Missouri on Wednesday joined a growing list of states allowing most adults to carry concealed weapons without a permit, as the state's Republican-led Legislature used its supermajority to loosen existing gun laws.
The measure, described by supporters as "constitutional carry," allows people to carry hidden guns anywhere they can currently carry weapons openly, effective January 1. Missouri will join 10 other states with laws that allow most people to carry concealed guns even if they haven't gone through the training required for permits, according to the National Rifle Association, which supported the legislation.
The legislation also would create a "stand-your-ground" right, meaning people don't have a duty to retreat from danger any place they are legally entitled to be present. The NRA says 30 states have laws or court precedents stating people have no duty to retreat from a threat anywhere they are lawfully present. But Missouri's measure makes it the first new "stand-your-ground" state since 2011.
It also expands the "castle doctrine" by allowing invited guests such as baby sitters to use deadly force if confronted in homes.
The guns legislation prompted some of the most intense debate Wednesday. Democrats asserted it could put racial minorities at a greater risk of being fatally shot.
"The targets in our area are black boys, not pheasants," said Sen. Maria Chappelle-Nadal, who represents Ferguson, where sometimes violent protests broke out after the fatal police shooting of 18-year-old Michael Brown in 2014. The police officer, Darren Wilson, was cleared of wrongdoing by state and federal investigations.
"What I don't want to get to is the point where there is a trigger-happy police officer or bad Samaritan like Zimmerman who says, 'Black boy in the hood. Skittles. Let's shoot,"' Chappelle-Nadal said, a reference to Trayvon Martin, a black 17-year-old who was walking back from a Florida convenience store after buying ice tea and Skittles when he was fatally shot by neighborhood watch volunteer George Zimmerman in 2012.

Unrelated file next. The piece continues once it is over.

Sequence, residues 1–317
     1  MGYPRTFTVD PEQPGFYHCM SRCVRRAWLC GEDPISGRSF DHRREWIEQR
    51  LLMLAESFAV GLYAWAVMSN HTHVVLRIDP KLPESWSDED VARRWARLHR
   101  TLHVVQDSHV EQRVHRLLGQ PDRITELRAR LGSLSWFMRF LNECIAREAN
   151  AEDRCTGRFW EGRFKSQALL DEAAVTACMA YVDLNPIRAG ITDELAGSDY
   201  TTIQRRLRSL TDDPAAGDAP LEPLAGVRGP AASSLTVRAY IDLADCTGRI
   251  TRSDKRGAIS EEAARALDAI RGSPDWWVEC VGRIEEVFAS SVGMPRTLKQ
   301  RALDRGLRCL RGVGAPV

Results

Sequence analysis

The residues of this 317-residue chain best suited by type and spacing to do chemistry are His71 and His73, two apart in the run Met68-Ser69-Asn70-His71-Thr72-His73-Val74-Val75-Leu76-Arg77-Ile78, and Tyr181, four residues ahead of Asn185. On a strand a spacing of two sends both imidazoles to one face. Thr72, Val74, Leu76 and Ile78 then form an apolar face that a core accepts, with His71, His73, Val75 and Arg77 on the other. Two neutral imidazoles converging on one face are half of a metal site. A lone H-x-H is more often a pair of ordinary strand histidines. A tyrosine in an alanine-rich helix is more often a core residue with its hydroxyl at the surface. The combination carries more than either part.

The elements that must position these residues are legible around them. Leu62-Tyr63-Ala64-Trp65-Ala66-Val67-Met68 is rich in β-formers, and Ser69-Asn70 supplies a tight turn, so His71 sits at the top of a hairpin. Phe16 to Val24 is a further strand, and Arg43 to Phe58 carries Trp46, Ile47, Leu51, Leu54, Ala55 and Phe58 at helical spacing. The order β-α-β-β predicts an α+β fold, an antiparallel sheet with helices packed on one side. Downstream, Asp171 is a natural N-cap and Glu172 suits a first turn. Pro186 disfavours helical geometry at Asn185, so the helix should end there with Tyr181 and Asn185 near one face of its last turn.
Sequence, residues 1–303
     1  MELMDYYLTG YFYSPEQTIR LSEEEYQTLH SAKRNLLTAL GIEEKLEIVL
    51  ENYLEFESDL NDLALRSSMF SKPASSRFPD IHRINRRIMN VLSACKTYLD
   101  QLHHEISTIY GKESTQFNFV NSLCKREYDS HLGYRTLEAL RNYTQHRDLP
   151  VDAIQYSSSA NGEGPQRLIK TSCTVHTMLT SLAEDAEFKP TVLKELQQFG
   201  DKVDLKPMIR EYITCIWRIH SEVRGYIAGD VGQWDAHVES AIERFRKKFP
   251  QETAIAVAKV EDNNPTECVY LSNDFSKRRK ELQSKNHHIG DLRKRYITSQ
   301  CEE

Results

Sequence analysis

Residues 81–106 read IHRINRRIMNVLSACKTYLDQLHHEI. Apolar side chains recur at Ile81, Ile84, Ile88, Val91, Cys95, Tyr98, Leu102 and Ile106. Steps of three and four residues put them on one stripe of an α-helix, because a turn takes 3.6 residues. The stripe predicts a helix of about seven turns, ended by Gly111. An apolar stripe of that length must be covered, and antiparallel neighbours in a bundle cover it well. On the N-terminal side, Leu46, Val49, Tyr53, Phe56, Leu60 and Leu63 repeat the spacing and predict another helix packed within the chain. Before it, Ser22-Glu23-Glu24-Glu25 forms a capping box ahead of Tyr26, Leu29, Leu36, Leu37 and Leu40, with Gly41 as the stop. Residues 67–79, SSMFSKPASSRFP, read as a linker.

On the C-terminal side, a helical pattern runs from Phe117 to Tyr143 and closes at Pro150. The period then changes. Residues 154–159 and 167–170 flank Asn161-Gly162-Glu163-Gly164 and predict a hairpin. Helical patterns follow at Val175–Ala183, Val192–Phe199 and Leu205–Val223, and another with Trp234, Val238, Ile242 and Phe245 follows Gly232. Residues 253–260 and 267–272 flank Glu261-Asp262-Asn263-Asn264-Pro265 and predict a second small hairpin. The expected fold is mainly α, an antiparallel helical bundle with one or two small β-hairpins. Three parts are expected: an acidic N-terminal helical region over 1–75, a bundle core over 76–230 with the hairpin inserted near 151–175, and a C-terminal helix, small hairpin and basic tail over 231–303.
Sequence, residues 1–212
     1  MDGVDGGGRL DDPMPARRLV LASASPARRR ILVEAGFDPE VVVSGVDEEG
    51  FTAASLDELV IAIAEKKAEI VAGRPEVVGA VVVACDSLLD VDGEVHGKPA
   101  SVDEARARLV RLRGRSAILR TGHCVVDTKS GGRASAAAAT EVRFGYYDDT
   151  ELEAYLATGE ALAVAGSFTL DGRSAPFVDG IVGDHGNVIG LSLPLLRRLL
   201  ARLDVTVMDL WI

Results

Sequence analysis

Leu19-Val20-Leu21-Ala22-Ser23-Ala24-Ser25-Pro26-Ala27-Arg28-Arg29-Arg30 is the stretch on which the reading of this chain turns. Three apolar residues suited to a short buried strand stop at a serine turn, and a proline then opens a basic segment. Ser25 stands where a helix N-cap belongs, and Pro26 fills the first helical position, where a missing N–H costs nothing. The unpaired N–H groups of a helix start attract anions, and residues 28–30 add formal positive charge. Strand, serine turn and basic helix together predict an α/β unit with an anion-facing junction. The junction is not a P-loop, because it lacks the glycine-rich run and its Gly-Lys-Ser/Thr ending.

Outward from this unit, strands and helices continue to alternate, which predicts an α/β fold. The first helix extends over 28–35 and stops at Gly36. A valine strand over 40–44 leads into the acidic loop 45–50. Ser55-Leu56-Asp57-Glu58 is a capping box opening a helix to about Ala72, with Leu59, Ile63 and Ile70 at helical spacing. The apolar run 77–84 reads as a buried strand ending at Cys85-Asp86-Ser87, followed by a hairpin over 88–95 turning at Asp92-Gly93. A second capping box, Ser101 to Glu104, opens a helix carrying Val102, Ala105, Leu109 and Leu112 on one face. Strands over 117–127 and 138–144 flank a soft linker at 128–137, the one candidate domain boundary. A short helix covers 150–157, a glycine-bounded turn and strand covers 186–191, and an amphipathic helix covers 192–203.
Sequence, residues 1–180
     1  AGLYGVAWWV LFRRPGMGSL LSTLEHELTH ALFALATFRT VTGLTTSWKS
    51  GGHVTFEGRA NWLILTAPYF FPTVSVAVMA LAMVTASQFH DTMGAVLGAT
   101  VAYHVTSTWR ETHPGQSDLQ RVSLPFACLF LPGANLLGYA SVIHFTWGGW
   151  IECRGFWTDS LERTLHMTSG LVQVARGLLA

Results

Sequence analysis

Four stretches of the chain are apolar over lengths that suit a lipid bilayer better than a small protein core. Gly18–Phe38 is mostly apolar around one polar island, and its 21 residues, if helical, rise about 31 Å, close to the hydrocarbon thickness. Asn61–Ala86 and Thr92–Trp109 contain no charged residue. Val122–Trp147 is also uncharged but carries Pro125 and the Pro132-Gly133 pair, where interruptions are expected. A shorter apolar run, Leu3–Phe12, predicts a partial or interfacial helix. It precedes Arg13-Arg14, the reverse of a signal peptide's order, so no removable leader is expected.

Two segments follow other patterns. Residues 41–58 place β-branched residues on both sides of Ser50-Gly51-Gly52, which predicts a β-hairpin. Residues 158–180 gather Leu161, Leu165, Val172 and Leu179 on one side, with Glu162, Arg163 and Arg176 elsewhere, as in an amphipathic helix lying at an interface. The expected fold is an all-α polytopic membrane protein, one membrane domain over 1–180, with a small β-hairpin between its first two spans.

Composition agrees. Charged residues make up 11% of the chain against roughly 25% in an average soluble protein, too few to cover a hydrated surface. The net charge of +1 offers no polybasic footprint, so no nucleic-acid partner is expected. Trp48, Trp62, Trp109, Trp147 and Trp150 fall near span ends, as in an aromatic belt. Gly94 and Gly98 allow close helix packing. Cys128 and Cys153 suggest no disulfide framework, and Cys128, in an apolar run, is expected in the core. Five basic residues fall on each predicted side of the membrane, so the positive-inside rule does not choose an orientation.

Republican said such fears of greater gun violence are misguided. "The basis of this whole bill is that it allows law-abiding citizens to protect themselves and their families," Republican sponsor Sen. Brian Munzlinger said.
State lawmakers also moved to potentially tighten voting requirements. The elections law change would require people to show a government-issued photo ID at the polls starting in 2017, if voters also approve a proposed constitutional amendment on the November ballot.
Lawmakers overrode 13 vetoes Wednesday while adding to Democratic Gov. Jay Nixon's record as the most overridden governor in Missouri history, a distinction made possible by an era of extreme political division in the Capitol. Heading into Wednesday, lawmakers had successfully overridden Nixon on 83 bills and budget expenditures over his two terms in office -- nearly four times more overrides than the combined total for all other governors dating back to 1820 when Missouri was still a territory.
The votes occurred as many lawmakers are campaigning for re-election in November. "I think a lot of the things that we've done today will resonate in the election in a very positive way," House Speaker Todd Richardson said.
The Associated Press contributed to this report.